The results support the effectiveness of their novel approach despite the small sample size, which can potentially improve specificity in the identification of parathyroid glands during parathyroid and thyroid surgeries.

The hold-up in the field

It is often difficult for surgeons with naked eyes to identify parathyroid glands from thyroid tissue because of the small size, the variable position, and similar appearance to the surrounding tissues.

Since 2011, surgeons have benefited from using NIRAF, a non-invasive optical method for intraoperative real-time localization of parathyroids.

While the NIRAF technology has gained traction among endocrine surgery community, false negatives can occur with current devices that use the NIRAF technology in secondary hyperparathyroidism cases. According to Kim et al., the technology is still suboptimal, and a significant percentage of parathyroid is being missed.

Children’s National Hospital leads the way

Engineers in Children’s National are leading this field through several innovations:

  • Non-dye injected, label-free use in real-time in comparison to temporally limited ICG angiography. This technology was featured as the cover article in the journal Lasers in Surgery and Medicine 54(3), 2022.).
  • Simultaneous perfusion assessment from four glands at any time during operation.
  • Arterial flow detection from pulsatile information in well-perfused PG vasculature.
  • Quantified parathyroid detection and classification with prediction values using deep learning technique.

You can read the full study “A co-axial excitation, dual-RGB/NIR paired imaging system toward computer-aided detection (CAD) of parathyroid glands in situ and ex vivo” in the Journal of Biophotonics.

overview of parathyroid surgery procedure

Drs. Kane and Petrosyan

POEM procedure is safe and effective for children with esophageal achalasia

Drs. Kane and Petrosyan

Drs. Petrosyan and Kane combined perform more POEM procedures for children than any other pediatric surgeons in the United States.

Peroral endoscopic myotomy (POEM) is a safe and effective procedure to treat pediatric achalasia according to a single-center outcomes study in the Journal of Pediatric Surgery.

Authors Timothy Kane, M.D., chief of General and Thoracic Surgery at Children’s National Hospital, and Mikael Petrosyan, M.D., MBA, associate chief of that division, together perform more of these procedures than any other pediatric surgeons in the United States.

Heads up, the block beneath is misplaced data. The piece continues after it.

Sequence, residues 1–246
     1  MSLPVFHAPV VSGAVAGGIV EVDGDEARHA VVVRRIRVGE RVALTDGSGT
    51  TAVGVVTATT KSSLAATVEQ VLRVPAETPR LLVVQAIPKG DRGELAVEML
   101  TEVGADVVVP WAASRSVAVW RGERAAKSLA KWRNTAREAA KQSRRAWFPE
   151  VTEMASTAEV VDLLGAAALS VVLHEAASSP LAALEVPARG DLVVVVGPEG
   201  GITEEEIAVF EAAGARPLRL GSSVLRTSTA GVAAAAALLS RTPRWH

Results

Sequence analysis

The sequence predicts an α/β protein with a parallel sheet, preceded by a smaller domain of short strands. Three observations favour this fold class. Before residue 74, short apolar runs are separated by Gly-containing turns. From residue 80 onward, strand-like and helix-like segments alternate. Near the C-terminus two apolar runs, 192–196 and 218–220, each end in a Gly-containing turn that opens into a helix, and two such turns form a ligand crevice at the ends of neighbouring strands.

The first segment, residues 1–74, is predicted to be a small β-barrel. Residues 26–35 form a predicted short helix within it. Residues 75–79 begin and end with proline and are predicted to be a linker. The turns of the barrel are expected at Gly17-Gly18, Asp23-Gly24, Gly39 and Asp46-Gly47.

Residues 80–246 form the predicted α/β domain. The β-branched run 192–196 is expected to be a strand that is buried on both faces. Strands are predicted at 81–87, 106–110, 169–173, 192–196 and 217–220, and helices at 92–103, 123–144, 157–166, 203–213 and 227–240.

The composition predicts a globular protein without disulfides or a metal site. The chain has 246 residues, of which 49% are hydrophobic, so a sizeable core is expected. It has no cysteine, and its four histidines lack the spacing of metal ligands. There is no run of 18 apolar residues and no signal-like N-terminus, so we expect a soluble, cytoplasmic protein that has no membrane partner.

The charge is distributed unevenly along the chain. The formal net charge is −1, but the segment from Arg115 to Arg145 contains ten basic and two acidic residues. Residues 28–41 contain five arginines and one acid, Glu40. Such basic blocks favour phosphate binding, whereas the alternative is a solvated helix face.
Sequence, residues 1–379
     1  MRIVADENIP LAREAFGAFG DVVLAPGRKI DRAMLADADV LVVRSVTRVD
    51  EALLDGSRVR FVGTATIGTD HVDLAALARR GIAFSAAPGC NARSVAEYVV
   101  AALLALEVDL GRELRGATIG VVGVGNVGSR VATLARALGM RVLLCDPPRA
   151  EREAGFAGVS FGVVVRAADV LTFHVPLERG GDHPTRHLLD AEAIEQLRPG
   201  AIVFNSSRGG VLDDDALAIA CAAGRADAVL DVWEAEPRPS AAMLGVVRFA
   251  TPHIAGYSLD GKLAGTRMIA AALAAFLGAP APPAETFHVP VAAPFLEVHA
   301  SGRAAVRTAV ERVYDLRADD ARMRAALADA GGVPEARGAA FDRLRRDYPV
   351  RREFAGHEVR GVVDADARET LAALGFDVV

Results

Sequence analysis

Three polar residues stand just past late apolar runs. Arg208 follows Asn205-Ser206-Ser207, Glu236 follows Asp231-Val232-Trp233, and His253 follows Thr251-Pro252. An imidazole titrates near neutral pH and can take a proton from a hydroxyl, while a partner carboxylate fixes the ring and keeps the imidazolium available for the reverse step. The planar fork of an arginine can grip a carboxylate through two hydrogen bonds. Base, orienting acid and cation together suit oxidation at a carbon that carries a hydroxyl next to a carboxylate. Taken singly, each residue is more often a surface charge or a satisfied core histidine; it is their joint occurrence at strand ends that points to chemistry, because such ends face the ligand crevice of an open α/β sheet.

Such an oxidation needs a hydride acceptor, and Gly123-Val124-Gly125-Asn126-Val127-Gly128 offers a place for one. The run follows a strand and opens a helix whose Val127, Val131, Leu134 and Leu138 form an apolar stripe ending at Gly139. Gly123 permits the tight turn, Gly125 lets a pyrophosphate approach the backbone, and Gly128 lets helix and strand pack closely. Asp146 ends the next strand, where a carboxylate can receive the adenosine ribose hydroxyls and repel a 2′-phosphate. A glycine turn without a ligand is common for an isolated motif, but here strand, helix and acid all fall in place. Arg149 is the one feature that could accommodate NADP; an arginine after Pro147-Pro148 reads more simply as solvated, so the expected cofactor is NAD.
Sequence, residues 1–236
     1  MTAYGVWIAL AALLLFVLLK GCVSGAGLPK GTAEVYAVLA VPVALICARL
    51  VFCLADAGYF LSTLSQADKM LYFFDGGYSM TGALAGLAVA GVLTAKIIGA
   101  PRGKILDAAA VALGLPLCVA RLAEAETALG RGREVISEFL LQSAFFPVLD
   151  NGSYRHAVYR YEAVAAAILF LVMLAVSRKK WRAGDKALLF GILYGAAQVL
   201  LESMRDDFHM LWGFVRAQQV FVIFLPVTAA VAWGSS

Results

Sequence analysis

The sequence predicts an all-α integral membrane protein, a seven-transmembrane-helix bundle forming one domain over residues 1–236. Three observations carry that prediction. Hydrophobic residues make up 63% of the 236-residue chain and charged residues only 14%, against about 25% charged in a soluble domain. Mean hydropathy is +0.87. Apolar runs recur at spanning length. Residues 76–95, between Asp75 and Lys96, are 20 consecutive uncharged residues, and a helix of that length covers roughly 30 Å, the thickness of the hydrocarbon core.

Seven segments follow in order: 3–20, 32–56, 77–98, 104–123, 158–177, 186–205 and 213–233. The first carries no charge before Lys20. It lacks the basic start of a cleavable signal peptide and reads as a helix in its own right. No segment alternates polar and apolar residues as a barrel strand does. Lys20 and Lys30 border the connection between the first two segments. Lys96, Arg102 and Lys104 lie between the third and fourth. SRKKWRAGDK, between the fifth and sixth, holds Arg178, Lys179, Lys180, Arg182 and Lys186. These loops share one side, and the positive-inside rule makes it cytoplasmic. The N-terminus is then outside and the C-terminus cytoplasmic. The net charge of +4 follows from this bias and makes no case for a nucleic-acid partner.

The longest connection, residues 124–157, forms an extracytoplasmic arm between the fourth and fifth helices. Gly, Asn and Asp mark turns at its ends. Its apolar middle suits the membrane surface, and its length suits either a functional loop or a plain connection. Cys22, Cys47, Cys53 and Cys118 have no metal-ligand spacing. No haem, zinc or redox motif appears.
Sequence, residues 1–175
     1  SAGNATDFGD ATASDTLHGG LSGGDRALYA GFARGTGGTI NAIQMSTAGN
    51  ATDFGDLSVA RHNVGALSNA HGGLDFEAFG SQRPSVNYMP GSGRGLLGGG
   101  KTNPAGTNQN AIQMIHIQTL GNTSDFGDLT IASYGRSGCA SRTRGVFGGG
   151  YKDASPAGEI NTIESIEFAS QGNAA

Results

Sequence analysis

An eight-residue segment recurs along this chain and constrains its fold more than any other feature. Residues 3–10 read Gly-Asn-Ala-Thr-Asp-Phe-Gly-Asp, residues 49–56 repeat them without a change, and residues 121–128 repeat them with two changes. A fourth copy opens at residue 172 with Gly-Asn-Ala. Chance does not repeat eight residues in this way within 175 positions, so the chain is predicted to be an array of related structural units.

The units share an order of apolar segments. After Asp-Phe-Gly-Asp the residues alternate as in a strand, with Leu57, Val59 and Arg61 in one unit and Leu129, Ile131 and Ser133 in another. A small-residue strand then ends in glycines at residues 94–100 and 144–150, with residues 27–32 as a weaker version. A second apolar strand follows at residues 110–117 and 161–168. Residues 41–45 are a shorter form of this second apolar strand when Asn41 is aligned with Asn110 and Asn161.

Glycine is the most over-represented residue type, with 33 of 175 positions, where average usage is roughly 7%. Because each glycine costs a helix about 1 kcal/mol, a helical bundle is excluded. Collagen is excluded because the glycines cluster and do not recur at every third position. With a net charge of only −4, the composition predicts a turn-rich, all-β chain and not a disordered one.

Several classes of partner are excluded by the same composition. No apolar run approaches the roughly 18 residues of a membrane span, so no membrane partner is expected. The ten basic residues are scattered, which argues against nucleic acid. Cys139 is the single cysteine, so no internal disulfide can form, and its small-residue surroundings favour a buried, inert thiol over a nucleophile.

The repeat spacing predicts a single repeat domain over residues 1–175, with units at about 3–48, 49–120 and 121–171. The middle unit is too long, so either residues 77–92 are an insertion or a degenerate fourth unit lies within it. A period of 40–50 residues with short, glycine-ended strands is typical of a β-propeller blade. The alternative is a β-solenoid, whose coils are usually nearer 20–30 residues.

Their experience with POEM shows that it is as safe and effective as the current standard of care for pediatric achalasia, which is a procedure called the laparoscopic Heller myotomy (LHM). Even better, previous research in adults and now in pediatric patients, has shown that those who undergo POEM as an alternative to LHM report less pain and often require shorter hospital stays after surgery.

Why it matters

POEM has been an option for adults with achalasia for many years, but not for children because it requires technical skill and expertise not readily available everywhere. More studies of young patients with successful outcomes following POEM procedures can help make the case for training more pediatric surgeons to learn this approach, and help this alternative method become an additional surgical option for children with achalasia.

The hold-up in the field

Achalasia is a rare condition in adults (1/100,000) and even less common in children, occurring in only 0.1 per 100,000 patients with an estimated prevalence of 10 per 100,000. The rarity of achalasia in children compared with adults makes collecting enough statistically significant evidence about how best to treat them difficult, more so than for other more common pediatric surgical conditions.

Children’s National Hospital leads the way

Children’s National Hospital is one of the only children’s hospitals in the country to offer the option of POEM for treatment of these conditions in children — and Drs. Kane and Petrosyan combined perform more of these procedures than any other pediatric surgeons in the United States.

The surgeons at Children’s National offer POEM as a primary intervention for children with esophageal achalasia and are also applying the same approach for pediatric gastroparesis as well.

Children’s National Hospital is one of only 12 children’s hospitals in the country, and the only hospital in the Washington, D.C., region, to be verified as a Level 1 Children’s Surgery Center by the American College of Surgeons (ACS) Children’s Surgery Verification Quality Improvement Program. This distinction recognizes surgery centers whose quality improvement programs have measurably improved pediatric surgical quality, prevented complications, reduced costs and saved lives.

Bottom line

Given their reported outcomes so far, the authors believe that in the long term this approach may replace the current pediatric standard of care, the LHM. More research is needed to make this case, however, including long-term follow-up studies of the patients who have undergone the procedure so far.

You can read the full study, “Per Oral Endoscopic Myotomy (POEM) for Pediatric Achalasia: Institutional Experience and Outcomes,” in the Journal of Pediatric Surgery.

Ashley Vela Mercedes

Staged surgical hybrid strategy changes outcome for baby born at 28 weeks with HLHS